Parents' plea for baby Jack's heart donation
The family of a 15-month-old Liverpool boy have spoken about their agonising wait for a new heart for their child.
Jack Morris has a rare condition which means his heart does not pump blood around his body properly.
He is being kept alive by an artificial heart at the Freeman Hospital in Newcastle, but without a donor he could die at any moment.
His parents say more needs to be done to encourage bereaved parents to donate their children's organs after death.
His father, Chris Morris, from Anfield, said: "It just seems like one big long drawn out problem, and when you come in of a morning and go home of a night, it's just the same worry really.
"You sit at the bedside and the only thing you think of is fear and hope really."
Jack, who was diagnosed with dilated cardiomyopathy last year, was transferred to Newcastle from Liverpool's Alder Hey Children's Hospital.
He was fitted with the artificial heart in March, meaning Mr Morris and Jack's mother Laura Campell have now been waiting five months for a donor to be found.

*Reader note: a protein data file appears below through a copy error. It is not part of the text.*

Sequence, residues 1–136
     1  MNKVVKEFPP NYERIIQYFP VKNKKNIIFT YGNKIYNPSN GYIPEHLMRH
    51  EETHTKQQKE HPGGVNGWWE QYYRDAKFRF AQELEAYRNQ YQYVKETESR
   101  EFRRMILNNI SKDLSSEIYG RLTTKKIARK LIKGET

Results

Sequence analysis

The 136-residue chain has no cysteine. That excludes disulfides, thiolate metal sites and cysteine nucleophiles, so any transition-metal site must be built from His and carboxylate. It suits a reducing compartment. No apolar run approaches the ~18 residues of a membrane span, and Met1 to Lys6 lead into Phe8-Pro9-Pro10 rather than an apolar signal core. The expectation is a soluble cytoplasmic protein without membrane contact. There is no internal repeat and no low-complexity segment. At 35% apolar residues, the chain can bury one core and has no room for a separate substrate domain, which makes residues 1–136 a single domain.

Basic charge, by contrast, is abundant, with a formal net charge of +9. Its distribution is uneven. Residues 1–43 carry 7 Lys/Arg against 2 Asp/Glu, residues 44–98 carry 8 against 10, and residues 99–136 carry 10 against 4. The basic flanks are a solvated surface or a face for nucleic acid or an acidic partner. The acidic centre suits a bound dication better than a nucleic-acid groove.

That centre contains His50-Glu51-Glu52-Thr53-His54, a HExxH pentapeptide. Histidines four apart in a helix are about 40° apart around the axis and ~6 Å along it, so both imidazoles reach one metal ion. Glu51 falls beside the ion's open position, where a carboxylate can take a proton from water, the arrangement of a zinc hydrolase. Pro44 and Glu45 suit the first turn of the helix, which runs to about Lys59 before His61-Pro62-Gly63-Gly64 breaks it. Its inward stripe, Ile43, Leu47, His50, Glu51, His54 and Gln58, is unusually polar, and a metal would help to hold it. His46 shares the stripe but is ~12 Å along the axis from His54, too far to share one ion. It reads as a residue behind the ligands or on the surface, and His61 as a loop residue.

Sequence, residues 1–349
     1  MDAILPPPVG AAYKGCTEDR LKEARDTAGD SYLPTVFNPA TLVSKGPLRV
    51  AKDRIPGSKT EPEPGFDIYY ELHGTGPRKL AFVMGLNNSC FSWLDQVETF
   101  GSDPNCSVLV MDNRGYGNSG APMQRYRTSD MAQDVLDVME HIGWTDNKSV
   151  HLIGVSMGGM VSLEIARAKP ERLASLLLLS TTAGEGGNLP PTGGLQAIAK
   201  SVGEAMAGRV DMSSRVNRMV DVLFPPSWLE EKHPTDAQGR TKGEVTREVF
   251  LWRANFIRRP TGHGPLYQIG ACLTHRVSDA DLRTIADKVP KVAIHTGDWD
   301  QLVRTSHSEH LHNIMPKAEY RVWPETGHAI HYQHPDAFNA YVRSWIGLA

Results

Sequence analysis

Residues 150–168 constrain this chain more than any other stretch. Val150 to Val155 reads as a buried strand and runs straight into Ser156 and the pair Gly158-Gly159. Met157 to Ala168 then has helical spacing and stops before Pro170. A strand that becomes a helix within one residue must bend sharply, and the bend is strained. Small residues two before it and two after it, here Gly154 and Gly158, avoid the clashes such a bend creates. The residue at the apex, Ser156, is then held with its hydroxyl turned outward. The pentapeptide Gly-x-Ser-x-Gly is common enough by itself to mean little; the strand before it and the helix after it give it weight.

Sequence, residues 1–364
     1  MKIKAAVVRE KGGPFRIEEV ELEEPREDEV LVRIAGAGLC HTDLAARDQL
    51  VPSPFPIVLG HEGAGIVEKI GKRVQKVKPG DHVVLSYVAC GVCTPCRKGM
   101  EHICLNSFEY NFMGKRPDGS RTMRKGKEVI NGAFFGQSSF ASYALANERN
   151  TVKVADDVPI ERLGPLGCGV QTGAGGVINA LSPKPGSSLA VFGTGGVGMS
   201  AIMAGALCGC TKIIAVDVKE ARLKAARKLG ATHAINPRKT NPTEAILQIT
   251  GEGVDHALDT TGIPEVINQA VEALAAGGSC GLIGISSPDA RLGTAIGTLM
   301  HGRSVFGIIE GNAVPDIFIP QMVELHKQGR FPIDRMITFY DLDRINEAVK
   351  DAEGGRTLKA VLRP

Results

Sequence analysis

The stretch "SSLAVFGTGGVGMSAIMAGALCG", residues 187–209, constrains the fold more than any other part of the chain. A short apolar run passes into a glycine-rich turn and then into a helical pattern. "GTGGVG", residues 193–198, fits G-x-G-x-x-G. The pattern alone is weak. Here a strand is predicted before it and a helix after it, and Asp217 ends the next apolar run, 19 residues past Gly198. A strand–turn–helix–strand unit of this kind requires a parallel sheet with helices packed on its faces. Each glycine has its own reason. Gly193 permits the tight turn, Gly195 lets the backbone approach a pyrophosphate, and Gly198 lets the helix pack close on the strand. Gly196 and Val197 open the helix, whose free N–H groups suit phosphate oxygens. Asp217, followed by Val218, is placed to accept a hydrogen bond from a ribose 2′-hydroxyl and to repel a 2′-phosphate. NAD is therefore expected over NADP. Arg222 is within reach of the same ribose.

"It's just a waiting game, because there are other children as well as Jack under two waiting for a heart transplant, and we're all in the same position really," Mr Morris added.
Lynne Holt, Transplant Co-ordinator at the Freeman Hospital, said: "We know that we can't save these babies unless a baby donor is found.
"Saying that, we can't go looking for donors but we just hope that families around the UK and in Europe can find it in themselves if their baby dies, that they can think about offering their baby's organs to save our babies."
Surgeons at the hospital carried out the UK's first successful heart transplant for a baby in 1987.
Since then hundreds have taken place successfully, and Jack's parents are hoping he can be the latest on the list.